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It’s Perfectly Fine to Be a Late Bloomer

It’s Perfectly Fine to Be a Late Bloomer
    Photo credit: Lindley Ashline (CC BY-NC 2.0)

    I remember that there were some little kids in my outdoor pool this past summer while I was doing my swim workout. They must have been from about five to eight years old and unlike other kids who usually just play around in the shallow end, these kids were diving all over the deep end like they were mini-torpedoes. I was actually quite impressed with their swimming abilities especially given their young ages.

    I like the idea of doing great cardiovascular exercise without sweating like a hog, which is why I take as much advantage of the outdoor pool season as possible when it is in full swing. So during the summer, I’m swimming at least three times per week all season long.

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    As I was watching these kids through my swim goggles while doing my laps, I was also thinking about how my own swimming skills were like when I was their age — or to be more accurate, the lack of swimming skills. When I was their age, all I could do was the starfish float, in shallow water.

    I had not really learned how to swim yet. Oh, I would try but I would just end up doing some feeble flapping of my arms, which did not propel me anywhere in the pool. I then proceeded to sink like a battleship that took a direct hit.

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    The Turning Point for a Late Bloomer

    In fact, this was the extent of my swimming ability even up to my high school years. During my first year of high school, I was lucky enough (or unlucky as I saw it back then) to get the swim team coach as my gym teacher. It was not surprising that we were going to get double the amount of swim days compared to other students at the school. And for some reason, most students hated swimming.

    I knew that I was in for a major embarrassment each time we had those swim days because of my poor swimming abilities. But this teacher, who we nicknamed ‘Duckie’ because of his obsession with water, forced us to keep doing laps in the pool.

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    Somehow through those forced laps, I actually started to be able to swim the entire length of the high school pool, even though I would usually drag behind most other students. By the end of my high school years, I became a proficient swimmer. During university, I even occasionally went to the campus Olympic size pool to do laps.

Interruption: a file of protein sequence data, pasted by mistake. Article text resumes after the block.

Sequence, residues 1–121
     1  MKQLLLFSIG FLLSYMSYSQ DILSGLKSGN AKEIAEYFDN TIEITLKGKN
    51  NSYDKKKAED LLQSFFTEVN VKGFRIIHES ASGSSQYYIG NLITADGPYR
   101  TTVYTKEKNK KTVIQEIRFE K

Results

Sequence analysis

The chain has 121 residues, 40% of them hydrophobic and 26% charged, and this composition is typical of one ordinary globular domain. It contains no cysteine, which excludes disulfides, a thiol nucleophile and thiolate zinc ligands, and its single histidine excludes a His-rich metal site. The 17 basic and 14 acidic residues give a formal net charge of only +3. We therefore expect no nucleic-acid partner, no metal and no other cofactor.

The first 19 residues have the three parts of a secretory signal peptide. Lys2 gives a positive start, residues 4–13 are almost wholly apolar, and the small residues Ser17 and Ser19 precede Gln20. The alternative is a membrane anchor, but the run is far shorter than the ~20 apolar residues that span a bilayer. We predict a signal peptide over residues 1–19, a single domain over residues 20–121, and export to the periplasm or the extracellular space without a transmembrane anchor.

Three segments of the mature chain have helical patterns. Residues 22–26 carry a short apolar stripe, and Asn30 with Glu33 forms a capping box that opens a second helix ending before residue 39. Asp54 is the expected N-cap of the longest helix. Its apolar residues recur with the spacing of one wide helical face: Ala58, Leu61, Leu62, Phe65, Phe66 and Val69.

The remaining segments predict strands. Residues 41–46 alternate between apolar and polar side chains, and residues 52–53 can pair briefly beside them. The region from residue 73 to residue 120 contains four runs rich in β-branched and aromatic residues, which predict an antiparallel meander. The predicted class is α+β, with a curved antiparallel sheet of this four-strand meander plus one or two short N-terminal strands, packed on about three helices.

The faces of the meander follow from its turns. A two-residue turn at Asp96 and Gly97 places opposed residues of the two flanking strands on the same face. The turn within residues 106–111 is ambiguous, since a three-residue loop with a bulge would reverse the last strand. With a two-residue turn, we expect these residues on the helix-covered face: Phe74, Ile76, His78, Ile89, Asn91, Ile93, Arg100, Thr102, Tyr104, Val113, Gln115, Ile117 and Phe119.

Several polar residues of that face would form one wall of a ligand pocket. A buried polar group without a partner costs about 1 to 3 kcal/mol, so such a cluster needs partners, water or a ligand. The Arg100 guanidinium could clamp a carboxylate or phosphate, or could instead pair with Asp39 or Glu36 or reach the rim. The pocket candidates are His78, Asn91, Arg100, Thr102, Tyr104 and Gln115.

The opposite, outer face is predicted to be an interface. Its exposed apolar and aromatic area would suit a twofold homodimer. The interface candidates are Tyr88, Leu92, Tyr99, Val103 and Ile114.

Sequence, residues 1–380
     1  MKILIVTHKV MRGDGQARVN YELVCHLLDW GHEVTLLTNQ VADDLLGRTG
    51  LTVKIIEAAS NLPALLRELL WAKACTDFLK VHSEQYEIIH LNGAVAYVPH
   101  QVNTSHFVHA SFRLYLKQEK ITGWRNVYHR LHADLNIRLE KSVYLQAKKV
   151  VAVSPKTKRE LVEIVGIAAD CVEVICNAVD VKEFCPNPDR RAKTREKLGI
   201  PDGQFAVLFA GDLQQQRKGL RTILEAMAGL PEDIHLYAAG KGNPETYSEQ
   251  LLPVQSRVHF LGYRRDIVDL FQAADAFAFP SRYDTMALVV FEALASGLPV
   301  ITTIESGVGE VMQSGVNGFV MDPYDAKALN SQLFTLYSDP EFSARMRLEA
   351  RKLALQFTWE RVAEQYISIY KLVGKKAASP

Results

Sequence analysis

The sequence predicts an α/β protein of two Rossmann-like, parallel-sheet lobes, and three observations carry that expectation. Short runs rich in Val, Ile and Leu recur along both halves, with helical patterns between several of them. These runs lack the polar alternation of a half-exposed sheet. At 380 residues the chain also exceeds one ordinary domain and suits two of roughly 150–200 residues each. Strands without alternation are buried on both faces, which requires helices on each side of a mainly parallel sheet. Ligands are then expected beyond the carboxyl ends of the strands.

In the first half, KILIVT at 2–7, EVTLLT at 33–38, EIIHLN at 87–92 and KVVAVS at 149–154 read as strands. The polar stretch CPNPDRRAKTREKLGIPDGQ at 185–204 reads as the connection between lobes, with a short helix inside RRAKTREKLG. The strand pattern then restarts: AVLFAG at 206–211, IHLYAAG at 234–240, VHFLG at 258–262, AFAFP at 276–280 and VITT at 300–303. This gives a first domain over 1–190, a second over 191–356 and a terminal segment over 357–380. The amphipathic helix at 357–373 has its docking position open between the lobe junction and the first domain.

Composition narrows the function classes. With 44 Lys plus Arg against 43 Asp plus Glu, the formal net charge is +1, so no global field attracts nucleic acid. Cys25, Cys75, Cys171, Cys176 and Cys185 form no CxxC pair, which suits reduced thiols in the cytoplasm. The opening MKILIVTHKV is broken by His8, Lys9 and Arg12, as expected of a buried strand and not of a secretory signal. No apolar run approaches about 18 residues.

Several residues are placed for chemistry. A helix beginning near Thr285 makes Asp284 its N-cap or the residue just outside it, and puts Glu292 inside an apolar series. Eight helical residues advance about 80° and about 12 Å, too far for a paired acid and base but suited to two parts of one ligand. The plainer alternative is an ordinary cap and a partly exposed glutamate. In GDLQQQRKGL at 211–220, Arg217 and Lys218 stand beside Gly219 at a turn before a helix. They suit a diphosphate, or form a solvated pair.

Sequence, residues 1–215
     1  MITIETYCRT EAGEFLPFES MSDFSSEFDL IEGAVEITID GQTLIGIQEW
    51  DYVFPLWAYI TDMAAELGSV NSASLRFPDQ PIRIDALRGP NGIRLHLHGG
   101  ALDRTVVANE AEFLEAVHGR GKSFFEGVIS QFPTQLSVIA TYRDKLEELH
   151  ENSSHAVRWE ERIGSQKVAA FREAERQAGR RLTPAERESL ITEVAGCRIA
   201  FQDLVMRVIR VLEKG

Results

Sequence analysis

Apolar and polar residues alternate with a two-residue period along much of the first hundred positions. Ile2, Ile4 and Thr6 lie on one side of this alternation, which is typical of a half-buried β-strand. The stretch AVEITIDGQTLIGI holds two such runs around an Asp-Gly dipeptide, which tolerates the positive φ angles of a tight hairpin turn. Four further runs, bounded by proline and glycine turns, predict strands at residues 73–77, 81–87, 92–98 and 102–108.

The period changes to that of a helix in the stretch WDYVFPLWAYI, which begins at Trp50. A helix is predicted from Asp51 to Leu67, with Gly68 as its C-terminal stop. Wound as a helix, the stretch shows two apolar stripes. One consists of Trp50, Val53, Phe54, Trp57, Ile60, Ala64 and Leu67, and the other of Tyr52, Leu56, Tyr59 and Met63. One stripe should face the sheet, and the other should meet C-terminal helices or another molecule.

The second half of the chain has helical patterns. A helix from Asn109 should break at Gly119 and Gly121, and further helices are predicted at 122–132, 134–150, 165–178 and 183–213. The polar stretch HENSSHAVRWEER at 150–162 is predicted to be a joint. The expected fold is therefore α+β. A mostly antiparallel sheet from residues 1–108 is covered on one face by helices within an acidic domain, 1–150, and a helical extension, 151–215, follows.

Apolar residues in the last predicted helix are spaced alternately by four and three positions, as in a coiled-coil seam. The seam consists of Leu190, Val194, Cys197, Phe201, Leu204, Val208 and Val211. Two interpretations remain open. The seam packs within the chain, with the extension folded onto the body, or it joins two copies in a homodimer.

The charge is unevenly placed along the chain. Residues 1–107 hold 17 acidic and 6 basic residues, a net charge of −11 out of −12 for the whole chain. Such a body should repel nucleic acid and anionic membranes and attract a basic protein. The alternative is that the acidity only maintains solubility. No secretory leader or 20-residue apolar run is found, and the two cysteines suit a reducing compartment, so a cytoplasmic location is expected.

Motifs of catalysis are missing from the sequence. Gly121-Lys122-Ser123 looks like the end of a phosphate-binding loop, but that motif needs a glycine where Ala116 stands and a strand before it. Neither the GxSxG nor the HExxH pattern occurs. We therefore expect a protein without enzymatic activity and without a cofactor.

Another World Opens Up

    Years later while on vacation, I took a ride in a tourist submarine in the Virgin Islands. I saw just how beautiful the Caribbean coral reefs were and I wanted to experience this magical underwater world as a scuba diver. When I got home, I soon decided to take a certification course in scuba diving and at age 38, I become a fully certified scuba diver.

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    Being a certified scuba diver opened up a whole new world for me as over the years, I have dived in Costa Rica, the Red Sea and all over the Caribbean. I have had close encounters with all sorts of marine life including stingrays, dolphins and sharks. Some of my dives were even caught on video which I have used to entertain my website visitors, especially the ‘landlubbers’.

    Being able to experience the underwater world and its wonderful marine life has enabled me to really appreciate our planet better. This has also boosted my own personal growth in a way that was not possible before.

    Never Too Late to Learn New Skills

    This is why I totally believe that it is never too late to learn new skills. I was a late bloomer as a swimmer unlike those little kids at my outdoor pool this summer. By finally learning how to swim, I was able to become a certified scuba diver even if I did these later in life. But that is okay because I am now enjoying experiences and personal growth that I would never have imagined when I was young.

    If you have always wanted to do something like swimming or other sports or perhaps learning other new skills such as a new language, it is NEVER too late. Just do some research to find qualified instruction and go for it. Learning new skills is part of personal development. You will not regret learning even as a late bloomer.

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    Last Updated on July 10, 2020

    How to Take Control of Your Life with Better Boundaries

    How to Take Control of Your Life with Better Boundaries

    We all have them—those hurtful, frustrating, offensive, manipulative people in our lives. No matter how hard we try to surround ourselves with positive and kind people, there will always be those who will disrespect, insult, berate, and misuse you if we allow them to.

    We may, for a variety of reasons, not be able to avoid them, but we can determine how we interact with them and how we allow them to interact with us.

    So, how to take control of your life and stop being pushed around?

    Learning to set clear firm boundaries with the people in our lives at work and in our personal lives is the best way to protect ourselves from the negative effects of this kind of behavior.

    What Boundaries Are (And What They’re Not)

    Boundaries are limits

    —they are not threats or ultimatums. Boundaries inform or teach. They are not a form of punishment.

    Boundaries are firm lines—determined by you—which cannot be crossed by those around you. They are guidelines for how you will allow others to treat you and what kind of behaviors you will expect.